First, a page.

8. Ditch the jokes. If you have secretly always wanted to be a stand-up comedian, this is not the time to see if you could have made a career of it. And never ever make jokes at the expense of your business. We all know what happens to people who ignore this rule. It never ends well.

And finally – don’t memorise your speech verbatim; write it down as a series of stories then put them in bullet points on a piece of paper in your pocket. That way it is there if you need it, and you may find that you don’t.

Original article appears here

Real Variety Show 2013
Posted on September 25, 2013

Jeremy Lee Associates’ annual comedy jamboree started with a minor hitch with host Russell Kane’s mic suffering from a case of the gremlins. However, it wasn’t long before the self-conscious, self-referential comic – not an act synonymous with corporates for those of us generally on the outside of this circuit – got proceedings back on track.

Riffing on the nuanced differences between the sexes on, for example, actively choosing singledom (men, he contends, are kidding themselves that they can pull this off), Kane drew an additional, regional, distinction by using his Mancunian girlfriend as a reference point.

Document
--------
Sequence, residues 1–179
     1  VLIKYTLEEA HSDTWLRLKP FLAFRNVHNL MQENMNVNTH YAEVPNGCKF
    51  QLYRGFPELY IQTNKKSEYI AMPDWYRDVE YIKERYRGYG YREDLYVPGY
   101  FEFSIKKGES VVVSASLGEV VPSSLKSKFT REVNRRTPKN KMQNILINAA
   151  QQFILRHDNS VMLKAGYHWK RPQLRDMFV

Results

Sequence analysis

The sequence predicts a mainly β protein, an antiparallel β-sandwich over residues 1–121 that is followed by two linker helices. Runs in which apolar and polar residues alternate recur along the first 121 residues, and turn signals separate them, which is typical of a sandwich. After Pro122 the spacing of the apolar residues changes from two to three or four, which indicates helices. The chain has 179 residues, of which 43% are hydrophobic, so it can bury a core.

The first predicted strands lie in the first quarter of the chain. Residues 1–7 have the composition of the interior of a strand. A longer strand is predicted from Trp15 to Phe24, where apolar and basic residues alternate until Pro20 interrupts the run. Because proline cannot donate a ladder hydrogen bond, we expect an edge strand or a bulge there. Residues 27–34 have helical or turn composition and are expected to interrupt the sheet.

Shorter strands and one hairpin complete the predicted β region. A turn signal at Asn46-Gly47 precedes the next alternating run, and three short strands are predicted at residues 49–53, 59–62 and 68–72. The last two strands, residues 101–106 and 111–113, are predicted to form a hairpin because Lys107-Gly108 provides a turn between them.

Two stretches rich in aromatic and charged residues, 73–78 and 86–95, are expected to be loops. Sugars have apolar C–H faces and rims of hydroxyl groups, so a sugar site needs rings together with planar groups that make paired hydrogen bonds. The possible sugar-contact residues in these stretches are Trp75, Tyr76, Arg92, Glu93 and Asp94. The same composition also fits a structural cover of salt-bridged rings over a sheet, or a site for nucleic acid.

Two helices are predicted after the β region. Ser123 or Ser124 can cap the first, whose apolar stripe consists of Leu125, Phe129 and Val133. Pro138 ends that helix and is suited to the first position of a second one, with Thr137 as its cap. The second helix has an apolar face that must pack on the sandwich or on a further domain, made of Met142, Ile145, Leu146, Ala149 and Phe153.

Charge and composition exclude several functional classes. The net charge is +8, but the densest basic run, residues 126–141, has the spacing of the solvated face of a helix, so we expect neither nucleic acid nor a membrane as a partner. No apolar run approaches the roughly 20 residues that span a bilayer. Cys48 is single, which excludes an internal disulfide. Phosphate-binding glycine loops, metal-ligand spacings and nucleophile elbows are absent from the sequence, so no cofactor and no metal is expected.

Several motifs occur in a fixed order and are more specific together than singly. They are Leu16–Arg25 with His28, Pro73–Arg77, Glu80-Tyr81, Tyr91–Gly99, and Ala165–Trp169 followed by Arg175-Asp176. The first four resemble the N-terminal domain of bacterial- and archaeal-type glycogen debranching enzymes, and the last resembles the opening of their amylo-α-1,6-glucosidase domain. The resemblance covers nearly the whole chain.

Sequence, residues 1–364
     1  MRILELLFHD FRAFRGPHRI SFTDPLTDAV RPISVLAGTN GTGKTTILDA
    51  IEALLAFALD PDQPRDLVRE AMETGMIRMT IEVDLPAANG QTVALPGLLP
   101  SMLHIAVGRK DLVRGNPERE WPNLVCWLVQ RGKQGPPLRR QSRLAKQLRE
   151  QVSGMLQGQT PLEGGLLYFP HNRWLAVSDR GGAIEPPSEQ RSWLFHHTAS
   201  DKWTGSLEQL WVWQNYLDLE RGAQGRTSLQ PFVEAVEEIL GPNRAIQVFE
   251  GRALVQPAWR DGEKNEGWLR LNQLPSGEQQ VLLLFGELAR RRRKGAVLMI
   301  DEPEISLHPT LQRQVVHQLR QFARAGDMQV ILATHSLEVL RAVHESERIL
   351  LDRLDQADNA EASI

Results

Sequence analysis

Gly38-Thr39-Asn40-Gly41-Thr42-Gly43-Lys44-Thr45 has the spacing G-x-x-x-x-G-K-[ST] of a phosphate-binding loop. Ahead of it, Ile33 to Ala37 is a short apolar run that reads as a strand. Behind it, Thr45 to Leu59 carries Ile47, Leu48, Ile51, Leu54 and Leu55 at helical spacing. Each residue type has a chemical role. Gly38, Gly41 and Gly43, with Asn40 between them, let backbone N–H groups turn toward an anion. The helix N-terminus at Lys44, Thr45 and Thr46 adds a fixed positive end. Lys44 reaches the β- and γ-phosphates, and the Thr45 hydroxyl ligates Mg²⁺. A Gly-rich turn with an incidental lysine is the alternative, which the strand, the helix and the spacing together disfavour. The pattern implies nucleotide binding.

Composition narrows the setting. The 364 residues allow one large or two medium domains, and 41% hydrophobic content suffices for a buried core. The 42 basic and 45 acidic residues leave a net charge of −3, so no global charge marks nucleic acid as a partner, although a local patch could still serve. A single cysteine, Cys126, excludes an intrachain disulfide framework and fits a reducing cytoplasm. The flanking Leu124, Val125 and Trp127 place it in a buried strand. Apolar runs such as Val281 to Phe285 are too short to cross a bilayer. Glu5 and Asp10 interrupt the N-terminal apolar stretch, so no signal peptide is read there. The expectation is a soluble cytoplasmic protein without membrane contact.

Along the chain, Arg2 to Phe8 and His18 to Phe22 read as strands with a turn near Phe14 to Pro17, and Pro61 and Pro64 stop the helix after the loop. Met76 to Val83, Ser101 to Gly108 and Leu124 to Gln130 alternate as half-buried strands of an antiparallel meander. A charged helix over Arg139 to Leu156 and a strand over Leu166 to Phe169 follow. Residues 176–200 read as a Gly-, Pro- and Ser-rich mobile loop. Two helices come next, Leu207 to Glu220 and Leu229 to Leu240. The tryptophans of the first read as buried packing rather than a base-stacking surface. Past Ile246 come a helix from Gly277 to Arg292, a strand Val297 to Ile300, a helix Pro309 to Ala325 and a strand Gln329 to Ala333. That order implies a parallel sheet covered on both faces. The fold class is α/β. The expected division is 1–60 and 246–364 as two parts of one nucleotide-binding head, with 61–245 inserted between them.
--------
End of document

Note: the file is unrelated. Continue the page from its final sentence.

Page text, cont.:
From mapping out our sexual and regional foibles Kane proceeded to plan out our evening and brought on the first act, comedian and singer Charlie Baker whose screen credits include Dr Who and The IT Crowd. West Country boy Baker showcased his singing talents by giving Devonian renditions of Sammy Davis Junior and Frank Sinatra, and put together three dance moves that, he said, covered all musical theatre songs.

Amazonian Ellie Taylor, presenter on BBC3’s Snog, Marry, Avoid, kicked off her set with some height gags, for example how a person of impressive stature deals with people of restricted height, before mining her Essex background for some tried and tested quips.

Hip hop magic act, Magical Bones changed the page with his dextrous dancing and lively approach to card tricks. Richard Essien, who has worked with Madonna and the Black Eyed Peas, moved like a kind of animated mannequin, moonwalking and card sharking at the same time.

Sean Collins, a Canadian resident in the UK for ten years now, struck the most corporate-friendly note of the evening. He was suited and booted in his sartorial choice and had a gentle lyrical delivery which wrapped itself around domestic tussles from demanding toddlers to the importance of golf over your wife’s fashion choices.

Like the host, sketch outfit Four Screws Loose also suffered from a technical hitch, one that threatened to arrest any momentum. However, their pastiche of boy bands, from the Backstreet Boys to Take That and their abridged version of Titanic – a mimed soundscape using refrains from pop songs including Lady Gaga’s Bad Romance and Rod Stewart’s Sailing – made sure that they ended the first half on the crest of a wave.